NNSA’s Defense Programs has chosen manager J. Anthony Wingate (422) as Sandia’s Employee of the Quarter, an award given to people for going beyond the call of duty in supporting NNSA missions.
Anthony was chosen in August for his role in creating a streamlined process that organizations can follow to gain ISO 9001:2008 registration, a process that Center 400 recently used in obtaining its registration in less than half the time and cost of typical registrations. The International Organization for Standardization (ISO) program is a worldwide industry standard that emphasizes customer satisfaction through quality management practices, focusing on following the best processes for every step.
“It’s a way of measuring that you’re doing what you say you’re going to do and that you have confidence or evidence in place to support it,” says Anthony, head of subsystem and component quality in Surety Assessment and Engineering Center 400.
He and manager Dennis Owens (424), co-leader on the project commissioned by Center 400 Director Rick Fellerhoff, believe any Sandia center can improve engineering management practices by following the approach created for Surety Assessment and Engineering’s successful ISO process. Anthony and Dennis say they wanted to address affordability and cut implementation time.
Dennis, who nominated Anthony, says the process can’t be done by one person alone. He says it starts by forming a team, and “Anthony was a great partner to make this happen.”
He also says the recognition given Anthony demonstrates to others at Sandia that ISO registration can be done faster and with fewer resources. The key, he says, is keeping in mind the idea of preventing and reducing defects when designing a quality management system.
ISO registration varies by such factors as the size and mission of an organization, but can take more than two years and run hundreds of thousands to millions of dollars, Dennis says.
The center’s template narrowed the team to a few key people and stressed that designing a quality assurance process is as important as engineering a product. Dennis says the final focus is on managing better.
“This process has opened our eyes to where we are today and where we want to be in our future and what that looks like,” he says.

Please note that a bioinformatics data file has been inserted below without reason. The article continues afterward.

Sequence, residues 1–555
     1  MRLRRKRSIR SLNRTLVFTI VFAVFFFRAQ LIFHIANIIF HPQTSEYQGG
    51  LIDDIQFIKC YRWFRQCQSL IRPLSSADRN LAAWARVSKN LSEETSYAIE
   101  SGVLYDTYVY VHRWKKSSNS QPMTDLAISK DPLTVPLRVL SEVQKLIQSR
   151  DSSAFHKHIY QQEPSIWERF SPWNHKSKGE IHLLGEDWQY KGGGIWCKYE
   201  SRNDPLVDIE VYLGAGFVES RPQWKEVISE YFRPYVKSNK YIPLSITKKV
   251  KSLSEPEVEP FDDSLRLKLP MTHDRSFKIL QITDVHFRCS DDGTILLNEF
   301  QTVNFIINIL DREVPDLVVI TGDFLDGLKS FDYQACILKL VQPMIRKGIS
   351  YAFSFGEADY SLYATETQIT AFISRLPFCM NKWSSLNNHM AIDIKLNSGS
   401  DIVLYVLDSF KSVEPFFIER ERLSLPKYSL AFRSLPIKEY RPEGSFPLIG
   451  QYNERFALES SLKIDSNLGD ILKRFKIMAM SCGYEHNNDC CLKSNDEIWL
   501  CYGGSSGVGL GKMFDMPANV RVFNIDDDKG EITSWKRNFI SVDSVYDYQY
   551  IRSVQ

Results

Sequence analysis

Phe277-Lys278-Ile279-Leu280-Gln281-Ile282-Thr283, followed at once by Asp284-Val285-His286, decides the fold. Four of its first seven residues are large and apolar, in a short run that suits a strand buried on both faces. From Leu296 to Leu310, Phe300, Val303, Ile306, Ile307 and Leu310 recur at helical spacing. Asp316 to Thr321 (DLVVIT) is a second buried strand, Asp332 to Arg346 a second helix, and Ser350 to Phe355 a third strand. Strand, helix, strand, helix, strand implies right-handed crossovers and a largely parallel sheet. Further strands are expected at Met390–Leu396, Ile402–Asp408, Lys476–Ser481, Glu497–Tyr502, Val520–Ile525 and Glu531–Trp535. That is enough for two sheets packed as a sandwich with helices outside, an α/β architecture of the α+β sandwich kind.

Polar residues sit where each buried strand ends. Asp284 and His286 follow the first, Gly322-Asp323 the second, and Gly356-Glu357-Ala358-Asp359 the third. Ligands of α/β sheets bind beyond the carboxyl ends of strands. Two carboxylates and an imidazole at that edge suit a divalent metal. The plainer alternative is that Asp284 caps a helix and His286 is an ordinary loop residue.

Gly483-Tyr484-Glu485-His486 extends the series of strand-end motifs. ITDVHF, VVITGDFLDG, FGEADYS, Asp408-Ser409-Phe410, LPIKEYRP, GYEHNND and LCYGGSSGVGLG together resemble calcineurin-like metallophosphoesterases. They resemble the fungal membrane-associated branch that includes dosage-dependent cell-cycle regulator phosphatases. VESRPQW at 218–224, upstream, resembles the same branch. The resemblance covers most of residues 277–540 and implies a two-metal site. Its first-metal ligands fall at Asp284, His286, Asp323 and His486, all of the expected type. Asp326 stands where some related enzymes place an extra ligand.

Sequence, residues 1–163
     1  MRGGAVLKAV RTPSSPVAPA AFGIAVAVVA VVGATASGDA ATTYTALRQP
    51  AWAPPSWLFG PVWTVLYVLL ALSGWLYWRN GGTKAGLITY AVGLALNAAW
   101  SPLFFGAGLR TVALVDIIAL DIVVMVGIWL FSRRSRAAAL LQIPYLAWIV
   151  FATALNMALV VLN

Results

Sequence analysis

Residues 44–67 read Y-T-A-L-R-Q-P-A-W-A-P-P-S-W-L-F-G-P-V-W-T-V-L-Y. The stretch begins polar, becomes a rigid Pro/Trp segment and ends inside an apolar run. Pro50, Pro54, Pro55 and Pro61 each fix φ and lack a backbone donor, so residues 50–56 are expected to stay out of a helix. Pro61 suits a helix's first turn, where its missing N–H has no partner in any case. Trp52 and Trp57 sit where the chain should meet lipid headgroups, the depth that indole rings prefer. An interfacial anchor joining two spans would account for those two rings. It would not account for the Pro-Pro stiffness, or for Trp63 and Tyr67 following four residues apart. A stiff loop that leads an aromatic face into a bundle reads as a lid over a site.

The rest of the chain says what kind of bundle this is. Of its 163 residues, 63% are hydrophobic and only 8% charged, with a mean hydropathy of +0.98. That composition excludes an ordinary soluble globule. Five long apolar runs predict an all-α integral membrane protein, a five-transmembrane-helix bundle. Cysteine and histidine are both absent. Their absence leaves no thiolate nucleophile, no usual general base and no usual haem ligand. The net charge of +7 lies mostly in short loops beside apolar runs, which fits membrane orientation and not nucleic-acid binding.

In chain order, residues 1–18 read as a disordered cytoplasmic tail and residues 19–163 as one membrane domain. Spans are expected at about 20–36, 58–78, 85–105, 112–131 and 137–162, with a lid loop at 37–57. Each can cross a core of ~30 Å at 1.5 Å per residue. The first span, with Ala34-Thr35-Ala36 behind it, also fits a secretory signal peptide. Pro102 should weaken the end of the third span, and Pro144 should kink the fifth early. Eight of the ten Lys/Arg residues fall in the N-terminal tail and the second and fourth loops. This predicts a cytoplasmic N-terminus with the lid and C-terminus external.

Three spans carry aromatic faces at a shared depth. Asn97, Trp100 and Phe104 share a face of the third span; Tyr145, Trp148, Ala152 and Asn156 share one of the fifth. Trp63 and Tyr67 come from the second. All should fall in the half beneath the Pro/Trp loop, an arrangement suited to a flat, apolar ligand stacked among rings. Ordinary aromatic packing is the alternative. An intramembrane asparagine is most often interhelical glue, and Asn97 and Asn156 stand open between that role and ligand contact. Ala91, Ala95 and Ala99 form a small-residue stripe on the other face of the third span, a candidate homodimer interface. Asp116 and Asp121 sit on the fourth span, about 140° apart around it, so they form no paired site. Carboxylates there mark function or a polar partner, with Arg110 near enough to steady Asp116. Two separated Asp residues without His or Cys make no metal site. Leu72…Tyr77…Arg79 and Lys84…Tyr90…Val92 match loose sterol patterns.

Anthony says streamlining takes on added importance in this era of tighter budgets.
The more efficient process was planned and carried out in three events. The first, lasting two days in July 2010, developed a centerwide quality management manual — integral to the ISO process. While some manuals run 50 to 60 pages, Dennis interpreted ISO’s standard to mean manuals should be no more than 10, Anthony says.
Advance planning brought together a team to study good and not-so-good manuals, which ultimately allowed team members to develop a 10-page quality manual, he says.
“The intent is to have every resource on a team, whether it’s facilities, management, someone from budget, and whatever you need, to achieve the planned output,” Anthony says. The newly created manual was tweaked and finalized over another week, and a second two-day event the following month worked out procedures to implement it.
The third meeting in late fall 2010 focused on department-level procedures — in essence, individual department plans.
Anthony and Dennis say those procedures are critical, and that the system must balance what’s common to the whole organization with the autonomy of each department. To accomplish their goal, they also used Lean Six Sigma principles, which can help solve challenges in NW missions or mission support, such as HR or ES&H in nuclear weapons and Work for Others programs.
“Organizations are dynamic. People are changing, the work is changing,” Dennis says. “We are a center of various technical capabilities and as customer requirements change, each department can respond appropriately without having to change the whole quality management system design.”
An independent auditor litmus-tested the results, then ISO’s formal British Standards Institution (BSI) auditing process began. BSI did its audit early this year, making what Anthony describes as “minor adjustments.” Registration came through in March.
The NNSA award was “an amazing honor for me,” says Anthony, who has been with Sandia 16 years. “I generally do what I do because I like to do it, I see the value in doing it, and if it can help a greater cause, I give my full support.”